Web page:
Greta Callahan, president of the teachers’ chapter of the striking Minneapolis Federation of Teachers (MFT), told members rallying at the state capitol Wednesday, “Our fight is against patriarchy, our fight is against capitalism, our fight is for the soul of our city.”

The teachers union and Minneapolis Public Schools (MPS) remain at a stalemate on a new contract, Patch reported.

Read More

Virginia Schools 2020-2021 Standard of Learning Tests Results Unsurprisingly Low

Virginia’s 2020-2021 standards of learning (SOL) pass rates are low: 69.34 percent for reading, 54.18 percent for mathematics, and 59.45 percent for science, according to Virginia Department of Education (VDOE) data released Thursday. The VDOE emphasizes that those results are due to COVID-19 and related factors, and followed national trends.

“Pass rates reflect disruptions to instruction caused by the pandemic, decreased participation in state assessment programs, pandemic-related declines in enrollment, fewer retakes, and more flexible ‘opt-out’ provisions for parents concerned about community spread of COVID-19,” the VDOE said.

Read More

Metro Nashville Public School Board Member Fran Bush Talks Lack of Common Sense as Mandates Trump Learning Loss Recovery

Wednesday morning on the Tennessee Star Report, host Michael Patrick Leahy welcomed MNPS District Six school board member Fran Bush in studio who expressed the priority of getting kids back on academic track instead of focusing on mask mandates.

Read More

Cox Calls for Small-Group and Individual Tutoring to Address Learning Loss

Gubernatorial candidate Delegate Kirk Cox (R-Colonial Heights) agrees that schools need to be reopened immediately. But he says that’s not enough — policymakers need to address learning losses. Districts like Fairfax County have reported spikes in failing grades. Parents and medical studies have expressed concern over the long-term harms caused by a year of virtual learning. Cox is calling for tutoring programs to help students recover academically, and he says he is willing to be one of those tutors.

Read More

Virginia Department of Education Announces Guidelines for Reopening Schools

The Virginia Department of Education announced a new set of guidelines for school reopening, the result of a workgroup created in February. The guidelines include recommendations for remediating learning loss, note that virtual learning doesn’t work for every students, calls for special attention for vulnerable populations, and say that more staff may be needed to keep student-teacher ratios low.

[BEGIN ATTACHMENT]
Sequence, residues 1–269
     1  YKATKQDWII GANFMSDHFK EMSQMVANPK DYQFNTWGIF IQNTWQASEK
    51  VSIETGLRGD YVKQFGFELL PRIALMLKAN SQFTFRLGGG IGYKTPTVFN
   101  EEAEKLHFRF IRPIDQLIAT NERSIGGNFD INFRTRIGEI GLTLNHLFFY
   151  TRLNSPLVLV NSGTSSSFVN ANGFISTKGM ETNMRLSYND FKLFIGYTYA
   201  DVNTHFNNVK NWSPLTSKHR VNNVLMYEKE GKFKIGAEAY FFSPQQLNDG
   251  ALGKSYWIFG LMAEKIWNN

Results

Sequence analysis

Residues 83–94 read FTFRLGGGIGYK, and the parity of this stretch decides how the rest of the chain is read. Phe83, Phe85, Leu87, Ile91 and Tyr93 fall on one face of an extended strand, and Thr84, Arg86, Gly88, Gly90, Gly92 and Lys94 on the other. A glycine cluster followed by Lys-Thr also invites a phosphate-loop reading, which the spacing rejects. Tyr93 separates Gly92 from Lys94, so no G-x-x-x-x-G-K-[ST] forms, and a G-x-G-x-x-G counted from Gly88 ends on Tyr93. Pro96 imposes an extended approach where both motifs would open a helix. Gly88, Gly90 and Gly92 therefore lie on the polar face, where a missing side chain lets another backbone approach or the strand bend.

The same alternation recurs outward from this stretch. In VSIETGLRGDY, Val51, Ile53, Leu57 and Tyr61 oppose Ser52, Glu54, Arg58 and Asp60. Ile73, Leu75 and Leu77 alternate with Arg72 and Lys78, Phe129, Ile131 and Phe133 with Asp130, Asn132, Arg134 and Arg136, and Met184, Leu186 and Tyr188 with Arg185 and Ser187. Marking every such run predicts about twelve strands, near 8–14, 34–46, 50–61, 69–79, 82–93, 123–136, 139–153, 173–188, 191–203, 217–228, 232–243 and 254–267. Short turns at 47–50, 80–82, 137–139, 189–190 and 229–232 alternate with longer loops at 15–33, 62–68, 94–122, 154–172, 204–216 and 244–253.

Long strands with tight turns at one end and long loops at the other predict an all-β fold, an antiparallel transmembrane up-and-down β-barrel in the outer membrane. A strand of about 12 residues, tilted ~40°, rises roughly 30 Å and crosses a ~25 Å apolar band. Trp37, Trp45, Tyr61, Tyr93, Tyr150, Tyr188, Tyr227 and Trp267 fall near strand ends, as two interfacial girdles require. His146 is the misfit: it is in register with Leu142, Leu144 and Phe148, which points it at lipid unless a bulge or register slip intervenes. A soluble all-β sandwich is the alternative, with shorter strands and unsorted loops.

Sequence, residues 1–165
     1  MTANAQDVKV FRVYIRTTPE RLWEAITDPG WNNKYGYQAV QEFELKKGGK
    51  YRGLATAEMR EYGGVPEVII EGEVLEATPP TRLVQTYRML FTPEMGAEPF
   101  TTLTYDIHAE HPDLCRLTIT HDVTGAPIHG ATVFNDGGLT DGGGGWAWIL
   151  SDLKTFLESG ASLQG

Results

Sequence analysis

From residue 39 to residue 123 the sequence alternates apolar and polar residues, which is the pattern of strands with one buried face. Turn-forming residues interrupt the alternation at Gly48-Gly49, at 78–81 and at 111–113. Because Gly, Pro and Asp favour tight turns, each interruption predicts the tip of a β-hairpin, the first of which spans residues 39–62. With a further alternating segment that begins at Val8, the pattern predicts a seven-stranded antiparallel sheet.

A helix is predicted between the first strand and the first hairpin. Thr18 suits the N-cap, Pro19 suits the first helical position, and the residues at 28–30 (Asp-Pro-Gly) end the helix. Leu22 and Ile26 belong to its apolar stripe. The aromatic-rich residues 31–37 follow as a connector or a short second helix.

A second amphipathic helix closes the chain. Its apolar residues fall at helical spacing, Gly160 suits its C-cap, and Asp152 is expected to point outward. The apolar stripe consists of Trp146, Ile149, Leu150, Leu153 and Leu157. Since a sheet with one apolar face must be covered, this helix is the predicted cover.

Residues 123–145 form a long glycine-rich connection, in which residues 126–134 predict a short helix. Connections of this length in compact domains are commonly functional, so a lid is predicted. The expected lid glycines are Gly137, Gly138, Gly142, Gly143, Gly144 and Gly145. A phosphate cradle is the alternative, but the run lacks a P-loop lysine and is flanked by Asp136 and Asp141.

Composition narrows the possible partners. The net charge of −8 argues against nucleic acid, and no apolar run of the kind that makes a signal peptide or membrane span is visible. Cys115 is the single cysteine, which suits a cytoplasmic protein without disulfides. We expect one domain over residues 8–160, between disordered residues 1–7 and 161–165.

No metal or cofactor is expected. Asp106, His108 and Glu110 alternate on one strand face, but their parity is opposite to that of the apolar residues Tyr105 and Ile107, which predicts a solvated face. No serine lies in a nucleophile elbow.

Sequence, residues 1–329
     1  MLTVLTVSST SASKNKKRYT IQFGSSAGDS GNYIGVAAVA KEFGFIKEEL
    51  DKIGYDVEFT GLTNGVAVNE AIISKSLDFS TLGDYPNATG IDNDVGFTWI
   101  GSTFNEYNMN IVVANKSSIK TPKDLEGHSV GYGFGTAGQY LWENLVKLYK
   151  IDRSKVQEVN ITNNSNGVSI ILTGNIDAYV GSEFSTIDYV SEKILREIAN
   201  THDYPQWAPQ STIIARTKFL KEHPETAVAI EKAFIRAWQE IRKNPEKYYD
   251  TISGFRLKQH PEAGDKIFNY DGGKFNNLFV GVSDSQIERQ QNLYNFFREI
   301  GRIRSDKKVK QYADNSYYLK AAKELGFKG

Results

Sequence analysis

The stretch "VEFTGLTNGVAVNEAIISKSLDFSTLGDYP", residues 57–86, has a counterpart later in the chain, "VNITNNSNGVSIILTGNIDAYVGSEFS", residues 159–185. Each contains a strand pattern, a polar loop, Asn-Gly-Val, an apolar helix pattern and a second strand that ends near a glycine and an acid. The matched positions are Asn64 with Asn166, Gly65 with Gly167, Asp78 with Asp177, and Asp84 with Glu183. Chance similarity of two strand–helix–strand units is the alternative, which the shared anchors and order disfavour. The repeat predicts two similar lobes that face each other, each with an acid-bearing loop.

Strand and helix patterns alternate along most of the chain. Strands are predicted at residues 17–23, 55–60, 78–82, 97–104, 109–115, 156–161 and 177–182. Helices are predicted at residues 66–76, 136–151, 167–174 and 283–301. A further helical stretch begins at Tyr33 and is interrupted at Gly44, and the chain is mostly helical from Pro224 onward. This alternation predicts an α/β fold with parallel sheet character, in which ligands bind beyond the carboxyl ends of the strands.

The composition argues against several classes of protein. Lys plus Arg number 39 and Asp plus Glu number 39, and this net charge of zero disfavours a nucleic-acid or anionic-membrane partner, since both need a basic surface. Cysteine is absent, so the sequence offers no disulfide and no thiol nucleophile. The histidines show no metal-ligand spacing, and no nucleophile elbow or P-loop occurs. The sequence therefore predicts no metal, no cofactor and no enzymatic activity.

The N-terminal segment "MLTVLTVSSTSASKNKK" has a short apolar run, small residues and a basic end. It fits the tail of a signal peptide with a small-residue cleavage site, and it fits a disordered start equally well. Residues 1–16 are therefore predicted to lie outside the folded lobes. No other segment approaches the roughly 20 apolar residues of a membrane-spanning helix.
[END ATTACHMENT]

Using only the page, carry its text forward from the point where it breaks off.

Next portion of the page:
Read More

New Mission PAC Hosts GOP Gubernatorial Forum

GOP gubernatorial candidates Delegate Kirk Cox (R-Colonial Heights), Peter Doran, Sergio de la Peña, and Glenn Youngkin met on Zoom on Thursday evening to answer policy questions about school reform, fixing Virginia’s tax code, improving broadband access, and making Virginia more veteran friendly. The New Mission PAC hosted the forum. PAC founder Daniel Gade and former Delegate Chris Saxman asked the questions in a format designed to allow candidates to demonstrate policy positions without engaging in direct debate.

Read More

Virginia Gubernatorial Candidate Kirk Cox Calls for Next Steps to Address Learning Losses from Virtual Classes

Virginia’s Democratic leadership is finally starting to call for a return to in-person learning, but gubernatorial candidate Delegate Kirk Cox (R-Colonial Heights) is calling for immediate next steps to address learning losses caused by virtual learning. In a Thursday press conference, Cox laid out his proposals, including expanding availability of tutors, assessing learning loss, and providing financial support to parents for remedial materials.

Read More

Lawmakers, Superintendents Blindsided by Tennessee Department of Education Learning Loss Projections

Tennessee Department of Education Commissioner Penny Schwinn’s announcement of COVID-19-related learning loss projections for Tennessee students took state lawmakers and school superintendents by surprise.

In a joint news conference with Gov. Bill Lee last week, Schwinn announced Tennessee students are expected to face learning loss of 50% in English and 65% in math, stressing the importance of in-person learning. Projections were based on national research and early results of beginning-of-year student checkpoint assessments in Tennessee.

Read More